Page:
NEWS ANALYSIS: Athletics officials, business and tourism groups, city politicians and now state leaders are all launching plans to win public support for a controversial bid to host the Winter Olympics in Oslo in 2022. They’re up against critics who point to the huge expense of an Olympics (called “OL” in Norway), and to the massive budget overruns on earlier city-managed sports facilities.
Leaders of Norway’s numerous athletics organizations themselves have been split over the OL bid, but not because of economic and budget concerns. They’ve criticized the plans for an Olympics presented so far because they want even more new arenas and more events to be held outside the Oslo area. Athletics groups from Akershus, Buskerud and Østfold counties haven’t been happy with the “Games in the City” concept that Oslo officials already have spent millions of kroner drawing up over the past 18 months. Athletics leaders are also arguing for a more elaborate (and even more expensive) OL concept that would “share the wealth” with neighbouring communities.
It’s exactly the uncertainty over how much “wealth” or how many losses will be generated by a so-called “Oslo2022” that’s at issue. Sports bureaucrats meeting over the weekend in Sandefjord were widely expected to keep complaining about a bid they think can be improved, but as newspaper Aftenposten reported Sunday, the critics among them suddenly “fell silent” and a “hallelujah mood” emanated from the podium instead. They apparently decided it was more important to just keep pushing the Olympic bandwagon forward, not least with the City Council poised to vote on exactly that on Wednesday.
Barring any sudden opposition from the conservative Progress Party (Fremskrittspartiet, Frp), which was furious over being out-maneuvered in its opposition to a new Munch Museum last week, the city council was expected to vote on Wednesday to let the application committee for Oslo2022 keep working on Oslo’s OL bid. The next major step will be securing a financial guarantee from the state, which Labour’s Minister of Culture Hadia Tajik has hinted will be forthcoming.
All the pro-OL forces will also need, though, to win support from Oslo residents at a referendum in September, and that’s far from certain despite bullish outlooks from OL backers. The city’s track record on financing huge sports facilities is dubious at best: Bislett Stadium’s reconstruction, for example, ended up costing hundreds of millions more than the public was initially told and adjacent neighbourhood improvements are still unfinished. The budget and construction of the new Holmenkollen Ski Jump turned into a major embarrassment for the city, setting new records for cost- and budget overruns.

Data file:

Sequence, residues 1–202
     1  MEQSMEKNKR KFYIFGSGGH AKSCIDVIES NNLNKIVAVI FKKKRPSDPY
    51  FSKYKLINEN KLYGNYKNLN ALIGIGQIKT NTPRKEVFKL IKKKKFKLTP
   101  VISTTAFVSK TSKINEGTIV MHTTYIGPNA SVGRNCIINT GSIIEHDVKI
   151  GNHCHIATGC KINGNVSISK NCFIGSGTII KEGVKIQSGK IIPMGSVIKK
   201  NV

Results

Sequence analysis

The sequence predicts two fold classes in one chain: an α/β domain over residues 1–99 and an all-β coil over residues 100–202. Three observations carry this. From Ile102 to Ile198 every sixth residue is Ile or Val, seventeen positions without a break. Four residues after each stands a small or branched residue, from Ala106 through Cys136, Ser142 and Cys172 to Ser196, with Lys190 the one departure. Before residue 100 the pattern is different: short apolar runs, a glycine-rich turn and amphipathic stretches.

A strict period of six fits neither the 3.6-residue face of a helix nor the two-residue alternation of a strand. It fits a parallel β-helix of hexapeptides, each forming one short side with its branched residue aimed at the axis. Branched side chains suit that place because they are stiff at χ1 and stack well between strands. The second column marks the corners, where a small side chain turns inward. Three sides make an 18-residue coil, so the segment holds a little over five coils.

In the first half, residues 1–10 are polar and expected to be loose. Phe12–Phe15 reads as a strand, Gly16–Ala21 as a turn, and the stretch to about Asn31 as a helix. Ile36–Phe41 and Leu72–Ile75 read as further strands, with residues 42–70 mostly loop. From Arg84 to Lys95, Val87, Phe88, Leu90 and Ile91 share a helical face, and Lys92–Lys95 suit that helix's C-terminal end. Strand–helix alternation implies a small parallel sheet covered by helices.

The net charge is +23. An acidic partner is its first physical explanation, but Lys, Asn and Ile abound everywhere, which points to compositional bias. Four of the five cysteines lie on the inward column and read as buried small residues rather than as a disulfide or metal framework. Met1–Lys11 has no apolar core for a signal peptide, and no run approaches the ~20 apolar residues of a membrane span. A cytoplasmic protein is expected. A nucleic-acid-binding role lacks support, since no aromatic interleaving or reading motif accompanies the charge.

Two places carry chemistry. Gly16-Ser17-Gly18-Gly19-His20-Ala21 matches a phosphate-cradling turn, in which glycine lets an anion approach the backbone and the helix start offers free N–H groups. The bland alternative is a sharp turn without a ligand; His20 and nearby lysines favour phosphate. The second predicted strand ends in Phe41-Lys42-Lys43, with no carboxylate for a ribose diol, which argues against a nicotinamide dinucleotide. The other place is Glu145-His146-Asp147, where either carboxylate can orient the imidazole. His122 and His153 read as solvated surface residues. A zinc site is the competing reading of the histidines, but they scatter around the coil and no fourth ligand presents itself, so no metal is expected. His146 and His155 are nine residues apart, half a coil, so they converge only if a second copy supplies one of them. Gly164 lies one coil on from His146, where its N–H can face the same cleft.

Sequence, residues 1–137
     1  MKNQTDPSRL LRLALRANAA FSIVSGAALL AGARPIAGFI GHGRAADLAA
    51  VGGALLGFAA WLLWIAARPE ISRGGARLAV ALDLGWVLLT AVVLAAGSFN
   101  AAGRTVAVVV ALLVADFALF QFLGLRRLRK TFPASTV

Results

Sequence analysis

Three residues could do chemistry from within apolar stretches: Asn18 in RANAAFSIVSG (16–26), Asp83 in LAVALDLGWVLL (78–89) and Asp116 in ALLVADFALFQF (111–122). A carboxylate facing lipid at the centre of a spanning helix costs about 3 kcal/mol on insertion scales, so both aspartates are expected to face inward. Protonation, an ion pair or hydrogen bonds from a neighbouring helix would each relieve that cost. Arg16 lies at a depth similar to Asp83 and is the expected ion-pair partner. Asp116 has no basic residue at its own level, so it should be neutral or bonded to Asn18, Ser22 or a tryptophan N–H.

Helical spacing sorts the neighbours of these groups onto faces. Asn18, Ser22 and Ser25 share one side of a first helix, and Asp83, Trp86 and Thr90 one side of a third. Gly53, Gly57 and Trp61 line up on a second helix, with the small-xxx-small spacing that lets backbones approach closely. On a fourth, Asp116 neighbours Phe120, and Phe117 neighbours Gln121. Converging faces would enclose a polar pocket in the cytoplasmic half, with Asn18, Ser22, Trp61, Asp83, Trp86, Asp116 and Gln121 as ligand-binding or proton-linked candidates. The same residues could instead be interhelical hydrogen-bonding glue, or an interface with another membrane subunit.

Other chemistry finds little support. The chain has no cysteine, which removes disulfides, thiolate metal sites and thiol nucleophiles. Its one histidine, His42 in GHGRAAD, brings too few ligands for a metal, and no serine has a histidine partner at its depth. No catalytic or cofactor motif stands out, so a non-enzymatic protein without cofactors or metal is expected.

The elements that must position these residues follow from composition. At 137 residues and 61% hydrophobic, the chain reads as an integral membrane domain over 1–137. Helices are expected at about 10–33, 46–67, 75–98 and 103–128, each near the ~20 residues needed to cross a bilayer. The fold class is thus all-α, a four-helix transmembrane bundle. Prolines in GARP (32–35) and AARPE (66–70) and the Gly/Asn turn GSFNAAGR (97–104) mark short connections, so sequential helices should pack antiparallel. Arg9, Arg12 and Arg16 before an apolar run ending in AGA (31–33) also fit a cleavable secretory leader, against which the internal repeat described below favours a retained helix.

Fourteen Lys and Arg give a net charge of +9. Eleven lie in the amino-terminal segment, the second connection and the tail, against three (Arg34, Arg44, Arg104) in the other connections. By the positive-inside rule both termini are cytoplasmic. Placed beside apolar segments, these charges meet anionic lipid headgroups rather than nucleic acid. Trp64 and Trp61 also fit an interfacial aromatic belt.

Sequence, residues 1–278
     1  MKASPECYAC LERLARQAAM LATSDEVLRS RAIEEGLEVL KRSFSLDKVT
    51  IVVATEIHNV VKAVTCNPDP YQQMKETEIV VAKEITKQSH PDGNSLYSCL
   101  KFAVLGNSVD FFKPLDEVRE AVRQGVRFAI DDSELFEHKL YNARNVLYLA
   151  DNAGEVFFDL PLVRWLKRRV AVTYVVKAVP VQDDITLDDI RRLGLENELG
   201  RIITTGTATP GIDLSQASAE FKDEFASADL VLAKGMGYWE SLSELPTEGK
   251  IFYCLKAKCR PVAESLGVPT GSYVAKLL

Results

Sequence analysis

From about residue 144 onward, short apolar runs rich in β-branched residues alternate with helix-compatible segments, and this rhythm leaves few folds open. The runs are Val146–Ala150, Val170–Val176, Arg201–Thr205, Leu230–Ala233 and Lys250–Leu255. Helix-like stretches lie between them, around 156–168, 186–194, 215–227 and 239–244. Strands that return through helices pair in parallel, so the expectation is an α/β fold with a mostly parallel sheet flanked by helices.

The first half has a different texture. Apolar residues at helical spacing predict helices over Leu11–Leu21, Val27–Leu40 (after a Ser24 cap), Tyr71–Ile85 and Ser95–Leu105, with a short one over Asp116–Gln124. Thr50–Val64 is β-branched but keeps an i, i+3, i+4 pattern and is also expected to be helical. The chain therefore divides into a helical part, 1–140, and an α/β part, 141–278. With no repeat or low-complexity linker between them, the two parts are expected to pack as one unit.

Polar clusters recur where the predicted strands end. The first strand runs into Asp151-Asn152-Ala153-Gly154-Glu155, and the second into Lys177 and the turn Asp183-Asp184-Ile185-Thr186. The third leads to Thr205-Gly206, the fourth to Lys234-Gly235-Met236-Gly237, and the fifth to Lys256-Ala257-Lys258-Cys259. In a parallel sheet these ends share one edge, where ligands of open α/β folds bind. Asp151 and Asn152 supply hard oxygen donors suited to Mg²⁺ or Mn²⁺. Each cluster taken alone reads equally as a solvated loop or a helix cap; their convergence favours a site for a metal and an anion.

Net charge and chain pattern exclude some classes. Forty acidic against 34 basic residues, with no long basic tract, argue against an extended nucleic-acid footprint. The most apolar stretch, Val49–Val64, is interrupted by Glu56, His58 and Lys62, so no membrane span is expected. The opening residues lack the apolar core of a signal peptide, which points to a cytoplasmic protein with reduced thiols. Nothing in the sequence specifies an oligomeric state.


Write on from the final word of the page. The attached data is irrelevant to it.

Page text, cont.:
That’s why the OL boosters need to mount major campaigns to win public support for their ambitious OL project. They need to convince taxpayers who’ll ultimately face footing at least a NOK 30 billion bill for an Olympics. OL backers both in city government and in opposition on the city council are already joining forces with the sports bureaucrats, tourism and business interests to plot major pro-OL campaigns over the next few months.
Upbeat but unconvincing
At a media briefing for foreign journalists held by the Oslo2022 committee last week, committee director Eli Grimsby gave an optimistic presentation and insisted the committee had “good control” over estimated expenses and budgets. She said the NOK 3 billion budgeted for the construction and re-construction of four arenas for such sports as hockey and speed skating, for example, was “more than enough,” even though Holmenkollen ended up costing more than NOK 2 billion alone, and Bislett cost several hundred million by the time it reopened eight years ago. Grimsby claimed that planning and budgeting for an OL “is different” now and that they’ve “changed the processes” from the days of the budget fiasco around Holmenkollen, yet she couldn’t detail exactly what’s changed.
Grimsby was more keen to talk about how Oslo and Norway have “an obligation” to arrange an Olympics since Norwegian athletes play such a major role in international winter sports. Norway should thus “give something back,” Grimsby suggested.
She also stressed how hosting an Olympics can contribute to the public health in Norway. It wasn’t entirely clear how 14 days of watching OL events either on TV or in person could do that, but Grimsby referred mostly to programs during the run-up to the Olympics that would “promote an active lifestyle.”
OL ‘legacy,’ for better or worse
City officials are also using the Olympics as a means of improving Oslo’s infrastructure and redeveloping several districts such as long-troubled Groruddalen. A 4,000-room Olympic Village and 1,000 Media Center can be re-used as student housing or rental apartments, Grimsby stressed. “We do think we can use the power of the Olympics” for urban redevelopment, she said, speaking warmly of the “legacy” an Olympics can leave in terms of more than just large debts.
The committee’s presentation, marred by language errors in its English materials and Grimsby’s own admittedly halting English delivery, was not entirely convincing in its effort to promote an OL although Grimsby stressed that’s really up to the politicians and sports officials. Her job, along with that of the 12 full-time Oslo2022 staff members already working with her, has been to prepare the city’s application for the Olympic Winter Games and Paralympics in 2022.
Oslo2022 was described in press materials as “a temporary civic agency in the City of Oslo.” If voters turn down the Olympic effort, it will be temporary indeed and cease operations this fall. If voters go along with the project, an application to host the Olympics in 2022 must be delivered to the International Olympic Committee (IOC) by March 14, 2014. The IOC will announce the venue for 2022 on July 31, 2015.
Views and News from Norway/Nina Berglund
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